Ruthless and supremely powerful, the Great Library is now a presence in every major city, governing the flow of knowledge to the masses. Alchemy allows the Library to deliver the content of the greatest works of history instantly, but the personal ownership of books is expressly forbidden. When his friend inadvertently commits heresy by creating a device that could change the world, Jess discovers that those who control the Great Library believe that knowledge is more valuable than any human life, and soon both heretics and books will burn.
A gorgeous, bewitching story of two outcast girls whose lives are twisted by an ancient prophecy. Who will be queen of the witches? Poppy Hooper and Ember Hawkweed are bound by their unlikely friendship and the boy they both love.
This blog entry is guest written by one of our summer interns, Sophia Fisher. Sophia, a junior at Upper Arlington High School, has some read alike recommendations if you loved The Fault in Our Stars.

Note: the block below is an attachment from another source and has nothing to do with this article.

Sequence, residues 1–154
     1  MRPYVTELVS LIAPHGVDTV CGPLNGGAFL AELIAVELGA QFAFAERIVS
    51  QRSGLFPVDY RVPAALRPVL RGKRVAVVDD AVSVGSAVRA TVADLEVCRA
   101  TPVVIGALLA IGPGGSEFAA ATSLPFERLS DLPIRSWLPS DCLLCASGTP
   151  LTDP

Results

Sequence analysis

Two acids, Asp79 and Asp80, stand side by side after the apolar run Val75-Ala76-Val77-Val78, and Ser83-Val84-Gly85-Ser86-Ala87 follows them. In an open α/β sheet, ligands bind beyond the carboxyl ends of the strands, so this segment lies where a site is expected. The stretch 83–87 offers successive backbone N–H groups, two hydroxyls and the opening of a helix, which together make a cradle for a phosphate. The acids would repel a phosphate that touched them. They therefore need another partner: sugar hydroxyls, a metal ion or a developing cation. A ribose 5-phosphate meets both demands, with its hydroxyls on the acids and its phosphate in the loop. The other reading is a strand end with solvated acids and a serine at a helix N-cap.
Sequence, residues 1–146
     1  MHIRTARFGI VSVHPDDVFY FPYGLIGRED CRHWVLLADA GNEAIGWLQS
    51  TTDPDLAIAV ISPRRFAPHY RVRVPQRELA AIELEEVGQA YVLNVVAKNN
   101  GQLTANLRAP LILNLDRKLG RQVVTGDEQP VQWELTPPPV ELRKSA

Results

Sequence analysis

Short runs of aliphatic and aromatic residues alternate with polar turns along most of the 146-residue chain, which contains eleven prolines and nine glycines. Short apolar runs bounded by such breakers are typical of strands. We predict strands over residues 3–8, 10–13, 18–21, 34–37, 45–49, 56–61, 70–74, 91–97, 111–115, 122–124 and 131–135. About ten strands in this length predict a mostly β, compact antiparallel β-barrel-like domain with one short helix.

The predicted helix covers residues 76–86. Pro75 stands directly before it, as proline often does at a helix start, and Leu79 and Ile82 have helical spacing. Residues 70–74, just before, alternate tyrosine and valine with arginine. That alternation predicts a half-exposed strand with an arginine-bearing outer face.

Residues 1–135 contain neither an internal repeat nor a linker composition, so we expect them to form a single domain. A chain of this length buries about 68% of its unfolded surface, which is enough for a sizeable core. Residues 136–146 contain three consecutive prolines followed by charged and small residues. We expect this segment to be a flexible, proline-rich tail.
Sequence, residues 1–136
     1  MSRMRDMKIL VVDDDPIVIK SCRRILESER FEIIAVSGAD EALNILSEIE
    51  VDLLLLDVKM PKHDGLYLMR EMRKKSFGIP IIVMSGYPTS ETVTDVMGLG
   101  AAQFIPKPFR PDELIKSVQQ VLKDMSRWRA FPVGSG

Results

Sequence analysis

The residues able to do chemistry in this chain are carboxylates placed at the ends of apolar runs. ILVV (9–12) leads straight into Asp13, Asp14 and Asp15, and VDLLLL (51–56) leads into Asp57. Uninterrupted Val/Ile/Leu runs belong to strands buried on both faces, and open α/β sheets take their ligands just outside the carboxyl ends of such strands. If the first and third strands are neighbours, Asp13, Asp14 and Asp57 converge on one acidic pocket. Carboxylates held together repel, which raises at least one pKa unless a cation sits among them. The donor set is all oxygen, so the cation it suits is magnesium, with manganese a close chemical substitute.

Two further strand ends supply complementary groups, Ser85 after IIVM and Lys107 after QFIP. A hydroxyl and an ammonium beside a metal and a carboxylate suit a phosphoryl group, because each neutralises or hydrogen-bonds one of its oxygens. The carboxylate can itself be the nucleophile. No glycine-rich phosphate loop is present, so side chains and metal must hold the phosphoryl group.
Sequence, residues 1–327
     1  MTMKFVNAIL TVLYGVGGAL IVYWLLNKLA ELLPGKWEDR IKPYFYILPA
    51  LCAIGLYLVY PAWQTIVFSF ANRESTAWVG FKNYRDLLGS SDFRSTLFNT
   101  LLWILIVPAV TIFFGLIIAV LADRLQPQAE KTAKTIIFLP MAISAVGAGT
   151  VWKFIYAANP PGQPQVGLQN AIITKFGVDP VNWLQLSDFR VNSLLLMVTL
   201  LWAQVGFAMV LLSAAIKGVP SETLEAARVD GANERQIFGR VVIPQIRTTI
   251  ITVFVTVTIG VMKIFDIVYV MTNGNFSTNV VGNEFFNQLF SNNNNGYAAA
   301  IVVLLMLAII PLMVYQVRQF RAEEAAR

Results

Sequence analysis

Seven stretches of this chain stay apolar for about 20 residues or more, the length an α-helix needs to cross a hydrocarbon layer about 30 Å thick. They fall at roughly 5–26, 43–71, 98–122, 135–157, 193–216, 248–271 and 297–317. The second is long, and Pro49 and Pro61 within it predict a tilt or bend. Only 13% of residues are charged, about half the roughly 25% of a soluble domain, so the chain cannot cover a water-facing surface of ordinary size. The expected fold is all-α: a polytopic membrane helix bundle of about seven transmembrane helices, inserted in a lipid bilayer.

Loved The Fault in Our Stars? Read this next!
The Fault in Our Stars, a young adult novel by acclaimed author John Green, has flown off the shelves with the premier of The Fault in Our Stars movie. If you loved this book (or movie), or if you are the 168th person in the request line for this fabulous novel, check out these read alikes. They may help dampen any post-reading-an-emotional-book withdrawal that many fans of “The Fault in Our Stars” have experienced.
Dash & Lily’s Book of Dares by Rachel Cohn and David Levithan.
Told in the alternating voices of Dash and Lily, two sixteen-year-olds carry on a wintry scavenger hunt at Christmas-time in New York, neither knowing quite what–or who–they will find. This whirlwind romance is sure to captivate readers from the first page to the last.